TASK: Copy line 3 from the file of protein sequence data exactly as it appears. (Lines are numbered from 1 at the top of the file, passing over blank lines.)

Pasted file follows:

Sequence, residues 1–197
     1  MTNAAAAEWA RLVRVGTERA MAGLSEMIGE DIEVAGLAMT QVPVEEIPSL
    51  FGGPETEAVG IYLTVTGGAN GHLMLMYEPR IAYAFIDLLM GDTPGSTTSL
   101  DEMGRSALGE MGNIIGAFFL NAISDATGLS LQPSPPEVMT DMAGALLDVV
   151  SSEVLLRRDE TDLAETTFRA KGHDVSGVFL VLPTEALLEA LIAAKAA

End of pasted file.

    51  FGGPETEAVG IYLTVTGGAN GHLMLMYEPR IAYAFIDLLM GDTPGSTTSL